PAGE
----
Legal and Religious Framework
Broadly speaking, the 2 major religions in India are Hindu and Muslim. The different sets of personal law in India are mentioned below, with the grounds for divorce applicable to people belonging to those religions.
Laws For Hindus
Under the divorce laws in India, a petition can only be filed after one year has elapsed from the date of marriage unless there are exceptional circumstances. The law laid down for Hindus in 1955 lists 9 grounds for divorce to be granted in India. Those listed grounds are:
- Conversion of religion
- Unsoundness of mind / serious mental disorder
- Virulent and incurable form of leprosy of partner
- Venereal and communicable disease suffered by a partner
- Renunciation of the world
- Unknown whereabouts of partner for at least 7 years
In addition to the above mentioned clauses, parties may also file for dissolution of marriage on the grounds of:
- Mutual consent
- No resumption of cohabitation, or no restitution of conjugal rights for a period of one year or upwards, after a judicial decree of separation has already been passed.
- Women have certain additional grounds while filing, namely – polygamous husband, sexual assault by husband, or if she was married before she attained the age of 15 years, as long as the marriage was repudiated before she attained the age of 18 years.
Laws For Muslims
Broadly speaking, Muslims in India are governed by their own set of personal laws. Namely, Dissolution Act, 1939 and The Muslim Women (Protection of Rights on Divorce) Act, 1986. Even within these laws, Shias and Sunnis have different customs and rules for divorce. Muslims have 2 kinds of divorce – Judicial and extra judicial. Extra judicial divorce encompasses the concept of Talaq, which is usually given by the husband, without requirement of a court of law. Judicial grounds cover provisions given under the laws. Under the 1939 act pertaining to dissolution, a Muslim woman can file on the following grounds –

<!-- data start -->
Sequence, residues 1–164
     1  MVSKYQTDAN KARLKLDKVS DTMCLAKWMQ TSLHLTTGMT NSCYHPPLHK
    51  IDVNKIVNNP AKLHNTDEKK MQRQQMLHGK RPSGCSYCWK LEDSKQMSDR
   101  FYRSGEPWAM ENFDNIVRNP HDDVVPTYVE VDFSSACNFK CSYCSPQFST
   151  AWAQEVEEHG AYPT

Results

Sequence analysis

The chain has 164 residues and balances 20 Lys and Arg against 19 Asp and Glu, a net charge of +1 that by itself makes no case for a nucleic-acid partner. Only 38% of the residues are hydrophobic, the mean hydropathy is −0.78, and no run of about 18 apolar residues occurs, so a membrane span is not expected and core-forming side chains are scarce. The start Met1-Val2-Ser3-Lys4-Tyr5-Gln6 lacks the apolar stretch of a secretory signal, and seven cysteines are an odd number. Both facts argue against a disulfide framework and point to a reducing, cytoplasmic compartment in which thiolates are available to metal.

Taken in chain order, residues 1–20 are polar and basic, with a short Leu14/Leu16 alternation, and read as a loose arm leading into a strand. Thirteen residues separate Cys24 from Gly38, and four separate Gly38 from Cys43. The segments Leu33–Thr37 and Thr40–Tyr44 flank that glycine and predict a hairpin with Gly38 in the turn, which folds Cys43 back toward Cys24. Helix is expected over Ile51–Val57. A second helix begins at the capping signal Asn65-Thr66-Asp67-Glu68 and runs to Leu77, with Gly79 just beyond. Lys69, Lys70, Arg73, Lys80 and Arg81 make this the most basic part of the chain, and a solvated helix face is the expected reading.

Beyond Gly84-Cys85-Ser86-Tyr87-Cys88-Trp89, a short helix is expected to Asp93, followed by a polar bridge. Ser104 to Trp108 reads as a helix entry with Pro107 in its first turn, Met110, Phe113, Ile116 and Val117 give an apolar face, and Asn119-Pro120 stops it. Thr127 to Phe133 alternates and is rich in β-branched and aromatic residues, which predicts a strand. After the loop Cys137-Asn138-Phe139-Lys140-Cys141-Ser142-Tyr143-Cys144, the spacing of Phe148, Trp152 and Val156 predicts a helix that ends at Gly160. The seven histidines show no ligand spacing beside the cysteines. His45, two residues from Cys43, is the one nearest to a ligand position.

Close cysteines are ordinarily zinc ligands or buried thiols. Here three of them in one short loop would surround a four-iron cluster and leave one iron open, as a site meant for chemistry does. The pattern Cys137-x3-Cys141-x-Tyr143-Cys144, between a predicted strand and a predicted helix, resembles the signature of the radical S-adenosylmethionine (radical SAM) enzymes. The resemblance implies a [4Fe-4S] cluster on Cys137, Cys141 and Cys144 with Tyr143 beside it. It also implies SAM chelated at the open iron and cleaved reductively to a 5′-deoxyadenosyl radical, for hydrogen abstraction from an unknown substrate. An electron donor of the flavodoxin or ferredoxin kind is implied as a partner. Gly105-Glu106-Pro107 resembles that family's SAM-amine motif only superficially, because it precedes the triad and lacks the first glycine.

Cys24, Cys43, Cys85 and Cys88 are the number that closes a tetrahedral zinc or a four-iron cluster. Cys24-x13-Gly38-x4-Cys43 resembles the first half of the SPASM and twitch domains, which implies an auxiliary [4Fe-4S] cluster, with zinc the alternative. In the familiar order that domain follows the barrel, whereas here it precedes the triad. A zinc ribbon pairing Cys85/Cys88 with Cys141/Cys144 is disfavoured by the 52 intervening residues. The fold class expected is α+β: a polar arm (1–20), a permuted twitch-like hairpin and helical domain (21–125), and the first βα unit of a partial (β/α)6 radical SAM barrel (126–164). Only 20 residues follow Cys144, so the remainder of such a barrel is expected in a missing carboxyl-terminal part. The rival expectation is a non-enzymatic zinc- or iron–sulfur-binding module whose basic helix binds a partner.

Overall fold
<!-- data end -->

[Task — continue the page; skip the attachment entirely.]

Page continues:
- Unknown whereabouts of husband for a period of 4 years or upwards
- Failure of husband to provide for the wife
- Imprisonment of husband for a period up to 7 years
- Failure of husband to perform marital obligations for a period of 3 years
- Unsoundness of mind, venereal disease
- If she was married before the age of 15, as long was marriage was repudiated before she turned 18.
Laws For A Marriage Between Two Individuals From Separate Religious Backgrounds
Intern religion marriages are governed by the Special Marriages Act 1954. Its lists the following grounds –
- Unsoundness of mind
- No resumption of cohabitation for a period of one year from the date of passing of a judicial decree of separation
- A wife can proceed with filing if her husband has committed rape, sodomy or bestiality
- Mutual consent
Parsis are governed under The Parsi Marriage and Divorce Act 1936 and in addition to the above grounds, they have additional clauses for obtaining separation, such as one partner indulging in prostitution. Christians covered under The Christian Marriage Act 1872 have the same grounds as The Hindu Marriage Act 1955.
The divorce laws in India while confusing, are effective in respecting the various beliefs, customs and traditions held dear by the many religions that flourish in the country.